Another noteworthy aspect is that the operational response to the Tel Aviv attack provided a rare glimpse behind-the-scenes of Israeli Special Forces.

As the fighting took place in the center of a global city, in front of thousands of mobile phone cameras, the operation caused enormous damage from a counter-insurgency perspective.

Faces, assets, and tactics that these units keep as closely guarded secrets are suddenly available to the world.

The damage is compounded by the fact that it is very difficult to determine its extent. In all likelihood, a feverish effort is underway at this hour to collect visual material from the web for damage assessment. However, no matter how thorough the work of the “clean-up crew,” there is always the possibility that there is additional footage out there that has not been uploaded to the web. These will act as defensive landmines in the years to come, jeopardizing the success of operations and lives.


What conclusions can be drawn at a political level from the Tel Aviv attack and the three other terrorist attacks that preceded it, from the identity of the perpetrators and their organizational affiliation?

The attacks in Be’er Sheva and Hadera were perpetrated by Israeli Arab citizens radicalized by the Islamic State.

The Bnei Brak bomber was a Fatah activist from Samaria and the Tel Aviv terrorist was a fighter from the “Al-Aqsa Martyrs Brigade,” whose father is a senior Fatah official. Perhaps to this can be added the three terrorists who were disposed of near Nablus on their way to meet their fate in an armed attack. They were fighters from the Islamic Jihad Movement in Palestine (PIJ). The operation in Samaria in which they were killed was aptly named Operation Breakwater.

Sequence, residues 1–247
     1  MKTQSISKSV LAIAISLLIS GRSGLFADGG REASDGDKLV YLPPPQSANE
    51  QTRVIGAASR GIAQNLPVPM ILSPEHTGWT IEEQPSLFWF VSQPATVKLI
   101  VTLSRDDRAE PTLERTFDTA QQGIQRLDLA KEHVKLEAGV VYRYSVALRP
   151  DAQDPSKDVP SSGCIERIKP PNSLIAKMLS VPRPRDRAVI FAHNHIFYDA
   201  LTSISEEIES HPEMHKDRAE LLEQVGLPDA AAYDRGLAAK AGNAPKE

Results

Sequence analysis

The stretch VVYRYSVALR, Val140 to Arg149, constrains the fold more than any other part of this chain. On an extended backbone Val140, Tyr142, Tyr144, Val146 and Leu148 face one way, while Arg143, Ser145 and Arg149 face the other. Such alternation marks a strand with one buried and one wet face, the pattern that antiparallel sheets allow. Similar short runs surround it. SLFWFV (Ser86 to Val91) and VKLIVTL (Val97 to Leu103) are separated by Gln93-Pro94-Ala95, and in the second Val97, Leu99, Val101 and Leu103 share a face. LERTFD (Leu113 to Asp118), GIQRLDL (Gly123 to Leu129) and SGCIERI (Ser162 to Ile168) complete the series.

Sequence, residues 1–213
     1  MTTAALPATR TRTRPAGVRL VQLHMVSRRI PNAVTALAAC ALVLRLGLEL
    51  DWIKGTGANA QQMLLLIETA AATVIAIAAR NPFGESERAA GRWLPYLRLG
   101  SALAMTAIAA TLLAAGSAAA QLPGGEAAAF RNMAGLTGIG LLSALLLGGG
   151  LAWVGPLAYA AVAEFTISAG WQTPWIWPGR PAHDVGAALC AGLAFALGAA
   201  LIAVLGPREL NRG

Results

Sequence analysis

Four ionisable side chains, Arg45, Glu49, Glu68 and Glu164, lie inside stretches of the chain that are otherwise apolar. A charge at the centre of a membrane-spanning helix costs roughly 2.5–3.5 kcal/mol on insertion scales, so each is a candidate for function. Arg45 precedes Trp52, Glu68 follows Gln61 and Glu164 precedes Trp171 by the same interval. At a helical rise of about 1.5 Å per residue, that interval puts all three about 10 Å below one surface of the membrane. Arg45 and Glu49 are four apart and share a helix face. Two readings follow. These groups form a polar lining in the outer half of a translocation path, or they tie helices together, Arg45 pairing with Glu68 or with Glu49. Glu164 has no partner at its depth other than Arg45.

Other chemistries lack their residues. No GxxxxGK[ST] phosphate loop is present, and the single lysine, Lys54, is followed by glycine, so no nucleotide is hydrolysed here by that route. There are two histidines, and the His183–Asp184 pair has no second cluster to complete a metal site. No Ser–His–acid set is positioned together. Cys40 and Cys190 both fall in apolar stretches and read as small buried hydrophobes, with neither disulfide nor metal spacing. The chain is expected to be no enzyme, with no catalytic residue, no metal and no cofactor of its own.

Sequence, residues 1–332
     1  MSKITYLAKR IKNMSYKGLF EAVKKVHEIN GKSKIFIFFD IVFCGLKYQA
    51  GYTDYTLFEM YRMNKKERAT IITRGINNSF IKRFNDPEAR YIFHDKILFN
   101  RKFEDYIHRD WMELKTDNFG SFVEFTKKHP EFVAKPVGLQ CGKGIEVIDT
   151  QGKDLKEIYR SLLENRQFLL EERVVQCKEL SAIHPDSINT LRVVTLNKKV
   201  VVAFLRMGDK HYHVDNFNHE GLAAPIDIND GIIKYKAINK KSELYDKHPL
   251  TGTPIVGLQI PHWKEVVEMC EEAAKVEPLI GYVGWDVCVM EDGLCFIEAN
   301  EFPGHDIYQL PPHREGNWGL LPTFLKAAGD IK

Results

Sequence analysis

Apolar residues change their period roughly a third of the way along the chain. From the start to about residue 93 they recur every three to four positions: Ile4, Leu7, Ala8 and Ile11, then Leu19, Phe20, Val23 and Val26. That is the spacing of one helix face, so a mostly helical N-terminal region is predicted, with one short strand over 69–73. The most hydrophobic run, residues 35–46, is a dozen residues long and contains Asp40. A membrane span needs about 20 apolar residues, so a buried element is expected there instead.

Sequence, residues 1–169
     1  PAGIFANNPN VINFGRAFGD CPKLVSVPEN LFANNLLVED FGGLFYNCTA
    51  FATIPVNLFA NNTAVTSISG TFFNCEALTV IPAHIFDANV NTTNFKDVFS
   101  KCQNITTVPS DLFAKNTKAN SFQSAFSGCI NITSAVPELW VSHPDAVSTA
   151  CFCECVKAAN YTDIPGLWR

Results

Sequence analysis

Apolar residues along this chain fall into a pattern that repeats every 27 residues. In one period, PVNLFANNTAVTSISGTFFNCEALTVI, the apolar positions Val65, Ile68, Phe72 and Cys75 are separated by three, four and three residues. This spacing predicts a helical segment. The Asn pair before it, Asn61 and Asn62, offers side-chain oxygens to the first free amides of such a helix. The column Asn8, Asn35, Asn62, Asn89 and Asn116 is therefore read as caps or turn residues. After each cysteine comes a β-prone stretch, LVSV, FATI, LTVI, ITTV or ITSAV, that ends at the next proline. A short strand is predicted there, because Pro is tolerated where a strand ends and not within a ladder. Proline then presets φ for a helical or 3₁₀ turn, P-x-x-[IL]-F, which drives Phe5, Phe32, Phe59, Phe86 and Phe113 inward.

The first conclusion is that

virtually all Palestinian organizations of any standing are represented in this wave of terror,

including Fatah, the core of Palestinian autonomy. So much for the idealistic theory that there is only an extremist minority on both sides and that the silent majority really wants peace.

The gradually intensifying wave of terror could turn into another ecumenical war of terror in which not only extremist organizations will be confronted, but a large part of the Palestinian people.

The fact that the attacks took place inside the „Green Line” puts another nail in the coffin of the „Palestinian claims are limited to the territories captured from Jordan in 1967” narrative. A single assassination speaks more eloquently than a whole series of peace rhetoric in English, delivered in Arabic accents.